Bruce McLane is the head coach at Super League champion NYAC, a JV coach at Xavier High School in Manhattan and a member of the Ruggamatrix America podcast crew.
Many times people only describe being a quality club based on game performances and championships. I am not saying that this doesn’t matter, as obviously I think it does, but there are other factors in play as well, and I hope to show a few examples.
Most of us chose to play rugby because it was something fun that we did with our friends and we could challenge ourselves athletically. I think that a lot of the fun has been taken away from rugby. It seems that the only time many people want to play is when it leads to a championship.
When was the last time a club team took a major tour? These were always great bonding experiences. What happened to the must attend tournaments like Monterey, Saranac, Washington Irish St. Patty’s Day, Savannah, The Monmouth tournament, Fort Lauderdale, etc. They’ve either disappeared or dwindled or became old boy or schoolboy festivals.
I personally know that the Xavier kids love the Jesuit Cup. I loved playing in many of these tournaments, both on and off the field. Have we lost sight of the fun of rugby? Now it seems about paperwork, documentation, dues, dozens of competitive must-play games. I and my club are part and parcel to that competitive stuff as well, but I still like it pigeonholed into a brief period that is manageable. I am not really going to highlight things top clubs do, but other clubs that should be heralded as much as big clubs.
All that said, look at Union and Morris from New Jersey. They both have extensive youth flag programs for thousands of kids every summer, bracketed by age and run by countless parents and volunteers. That, to me, is one of the definitions of a good club. Monmouth Rugby club took money that they raised and built a clubhouse in Red Bank, NJ that they have sustained and improved over the course of almost 20 years, providing enjoyment to members and people in the community. That to me is the sign of a good club.
Rob Holder took a small group in East Palo Alto with sero resources and put out several Eagles and went camping to save money on hotels during playoff runs. That has been the foundation for the Spearhead Rugby Academy in Minnesota, which has provided Eagle 7s players and U-20 players. That to me is a good club.
Mark Griffin of Old Blue put together support, both paid and volunteer, throughout the New York area from clubs like NYRC, Village Lions, Rockaway, NYAC. That to me is a good club. NYRC runs a Thanksgiving 7s tournament that is reasonably competitive but international in scope and fantastic in fun and camaraderie. That is part of being a good club.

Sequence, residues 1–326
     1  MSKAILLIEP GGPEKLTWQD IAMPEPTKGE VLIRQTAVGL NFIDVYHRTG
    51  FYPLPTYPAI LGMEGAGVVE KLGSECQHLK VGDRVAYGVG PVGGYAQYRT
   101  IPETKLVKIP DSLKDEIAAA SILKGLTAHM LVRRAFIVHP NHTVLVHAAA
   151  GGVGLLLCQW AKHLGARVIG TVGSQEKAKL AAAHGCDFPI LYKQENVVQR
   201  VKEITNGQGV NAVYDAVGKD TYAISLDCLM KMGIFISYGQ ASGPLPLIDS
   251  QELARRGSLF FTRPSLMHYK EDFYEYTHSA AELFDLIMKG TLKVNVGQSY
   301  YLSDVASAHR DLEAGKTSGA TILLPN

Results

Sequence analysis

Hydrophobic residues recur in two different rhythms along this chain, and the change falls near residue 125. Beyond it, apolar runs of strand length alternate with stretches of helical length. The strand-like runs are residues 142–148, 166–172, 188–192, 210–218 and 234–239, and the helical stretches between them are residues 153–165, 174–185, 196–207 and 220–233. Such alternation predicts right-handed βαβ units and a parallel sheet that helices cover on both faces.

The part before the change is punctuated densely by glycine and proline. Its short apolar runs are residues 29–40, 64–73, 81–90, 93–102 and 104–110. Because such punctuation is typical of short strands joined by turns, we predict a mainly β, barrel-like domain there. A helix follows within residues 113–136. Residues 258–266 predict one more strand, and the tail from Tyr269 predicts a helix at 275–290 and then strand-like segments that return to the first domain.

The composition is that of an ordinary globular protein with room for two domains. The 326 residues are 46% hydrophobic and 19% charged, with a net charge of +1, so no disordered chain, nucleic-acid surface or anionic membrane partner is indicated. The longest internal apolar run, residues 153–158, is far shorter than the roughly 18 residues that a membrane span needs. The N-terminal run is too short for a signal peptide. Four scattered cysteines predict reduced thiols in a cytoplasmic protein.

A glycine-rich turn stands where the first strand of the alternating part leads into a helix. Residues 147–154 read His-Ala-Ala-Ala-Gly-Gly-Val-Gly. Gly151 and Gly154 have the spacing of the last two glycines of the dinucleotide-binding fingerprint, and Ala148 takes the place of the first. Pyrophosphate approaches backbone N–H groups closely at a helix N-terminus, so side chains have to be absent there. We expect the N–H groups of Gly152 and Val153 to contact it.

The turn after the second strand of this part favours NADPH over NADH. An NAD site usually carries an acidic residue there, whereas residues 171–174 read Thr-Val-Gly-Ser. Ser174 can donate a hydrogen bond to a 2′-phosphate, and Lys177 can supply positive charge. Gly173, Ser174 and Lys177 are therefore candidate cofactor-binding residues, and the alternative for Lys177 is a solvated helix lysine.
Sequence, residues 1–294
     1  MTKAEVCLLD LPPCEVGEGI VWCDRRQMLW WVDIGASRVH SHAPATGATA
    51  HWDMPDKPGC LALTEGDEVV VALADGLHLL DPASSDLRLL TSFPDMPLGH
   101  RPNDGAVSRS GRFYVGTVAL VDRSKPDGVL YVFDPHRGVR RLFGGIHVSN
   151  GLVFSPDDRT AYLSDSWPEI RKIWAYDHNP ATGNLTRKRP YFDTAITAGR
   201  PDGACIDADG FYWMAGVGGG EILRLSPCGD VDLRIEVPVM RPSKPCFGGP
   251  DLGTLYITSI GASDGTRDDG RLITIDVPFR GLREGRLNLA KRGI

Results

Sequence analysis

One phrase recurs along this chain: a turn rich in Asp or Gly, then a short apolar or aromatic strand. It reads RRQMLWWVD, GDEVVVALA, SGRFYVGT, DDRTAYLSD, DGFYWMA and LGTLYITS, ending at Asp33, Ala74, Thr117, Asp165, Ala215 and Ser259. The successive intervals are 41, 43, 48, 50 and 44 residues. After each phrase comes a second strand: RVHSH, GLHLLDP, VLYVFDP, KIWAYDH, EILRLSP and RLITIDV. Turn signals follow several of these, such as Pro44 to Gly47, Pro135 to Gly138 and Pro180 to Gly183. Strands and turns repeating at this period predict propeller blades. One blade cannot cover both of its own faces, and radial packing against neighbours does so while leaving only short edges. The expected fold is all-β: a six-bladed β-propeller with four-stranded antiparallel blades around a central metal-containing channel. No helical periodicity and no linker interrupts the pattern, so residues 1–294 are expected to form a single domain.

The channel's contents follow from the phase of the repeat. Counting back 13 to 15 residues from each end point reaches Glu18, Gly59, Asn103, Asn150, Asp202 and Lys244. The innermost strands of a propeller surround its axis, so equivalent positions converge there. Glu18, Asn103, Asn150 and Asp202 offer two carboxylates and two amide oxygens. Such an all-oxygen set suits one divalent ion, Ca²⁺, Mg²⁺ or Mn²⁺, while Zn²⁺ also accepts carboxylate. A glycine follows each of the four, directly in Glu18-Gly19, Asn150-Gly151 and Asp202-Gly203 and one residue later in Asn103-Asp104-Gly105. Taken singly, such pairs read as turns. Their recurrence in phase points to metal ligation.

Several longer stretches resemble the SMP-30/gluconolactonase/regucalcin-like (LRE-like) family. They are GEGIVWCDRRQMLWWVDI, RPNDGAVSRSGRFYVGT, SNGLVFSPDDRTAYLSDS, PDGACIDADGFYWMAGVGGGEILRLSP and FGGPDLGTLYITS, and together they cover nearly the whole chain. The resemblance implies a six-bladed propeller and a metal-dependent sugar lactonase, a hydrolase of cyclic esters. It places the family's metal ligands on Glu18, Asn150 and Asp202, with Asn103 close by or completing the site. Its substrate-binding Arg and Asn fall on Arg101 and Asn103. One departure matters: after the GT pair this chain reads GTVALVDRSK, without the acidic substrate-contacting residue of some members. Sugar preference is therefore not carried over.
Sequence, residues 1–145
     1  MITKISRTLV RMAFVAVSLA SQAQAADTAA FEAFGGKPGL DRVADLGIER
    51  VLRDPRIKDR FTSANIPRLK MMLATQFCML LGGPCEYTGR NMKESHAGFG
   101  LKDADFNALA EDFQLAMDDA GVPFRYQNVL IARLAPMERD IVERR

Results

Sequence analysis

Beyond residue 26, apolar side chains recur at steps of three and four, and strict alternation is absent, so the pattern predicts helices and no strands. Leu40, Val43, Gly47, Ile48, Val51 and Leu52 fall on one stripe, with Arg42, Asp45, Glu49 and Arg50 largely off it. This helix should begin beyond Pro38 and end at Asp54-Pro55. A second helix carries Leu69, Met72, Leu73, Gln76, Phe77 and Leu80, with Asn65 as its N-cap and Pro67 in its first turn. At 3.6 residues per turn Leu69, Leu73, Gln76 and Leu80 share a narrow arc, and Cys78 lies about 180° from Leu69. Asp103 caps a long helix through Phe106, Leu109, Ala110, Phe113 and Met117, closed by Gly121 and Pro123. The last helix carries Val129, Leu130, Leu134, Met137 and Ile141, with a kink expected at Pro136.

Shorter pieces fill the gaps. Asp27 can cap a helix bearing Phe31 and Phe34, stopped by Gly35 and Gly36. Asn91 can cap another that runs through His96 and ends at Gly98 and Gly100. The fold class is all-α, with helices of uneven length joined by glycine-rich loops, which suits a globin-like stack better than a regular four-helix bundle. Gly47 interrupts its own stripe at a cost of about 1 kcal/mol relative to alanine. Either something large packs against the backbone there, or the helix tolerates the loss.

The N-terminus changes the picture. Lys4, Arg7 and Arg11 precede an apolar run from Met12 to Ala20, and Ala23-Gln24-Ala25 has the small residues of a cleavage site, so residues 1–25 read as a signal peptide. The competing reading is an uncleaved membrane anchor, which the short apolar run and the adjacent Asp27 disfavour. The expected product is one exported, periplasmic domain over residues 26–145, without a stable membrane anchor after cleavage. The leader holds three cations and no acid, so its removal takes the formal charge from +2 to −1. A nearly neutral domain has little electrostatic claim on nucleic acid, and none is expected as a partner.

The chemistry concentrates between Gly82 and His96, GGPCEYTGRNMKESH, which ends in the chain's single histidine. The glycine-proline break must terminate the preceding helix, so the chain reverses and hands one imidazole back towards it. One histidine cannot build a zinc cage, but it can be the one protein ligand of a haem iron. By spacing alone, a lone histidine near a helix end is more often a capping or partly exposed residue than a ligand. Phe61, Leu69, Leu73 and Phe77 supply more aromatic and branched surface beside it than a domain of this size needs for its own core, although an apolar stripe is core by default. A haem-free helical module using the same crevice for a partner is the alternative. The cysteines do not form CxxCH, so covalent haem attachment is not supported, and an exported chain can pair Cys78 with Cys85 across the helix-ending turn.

Santa Monica’s Stu Krohn takes very poor inner city kids to New Zealand on tour and provides them with total access to the best of the best that rugby has to offer, both on the field in Super Rugby, and off the field with hosting, etc. That too is the sign of a good club.
Glendale built a stadium and has rugby on TV regularly, and did it from scratch from the Kudu rugby side a few years ago, that provided many Eagles and age-grade reps. That too is a good club.
White Plains runs a tournament for Jo Jo Moore, a paralyzed player, which more than raising money, keeps friendships alive and vibrant, that to me is a good club.
There are countless examples, and I’ve provided a few. Good clubs do it for the right reasons -- they have fun with it and they appreciate their time together. I wouldn’t trade anything for the friendships that I’ve made in rugby over the course of the past 30 years. That to me is the legacy of the game. Wins and losses come and go, but friends last a lifetime.
I think we should enjoy and cultivate those friendships and give back our time and energy to the game when possible and appreciate all of the laughs, sadness, and shared memories. It is the greatest game in the world for those reasons alone. No other sport has it quite like we do, and we must strive to keep that alive.
These people that you meet in this game are generally great people who’d give you the shirt off their back. Let’s make sure we remember that it is enjoyment and friendship that brought us to this great game. We need to make that priority one.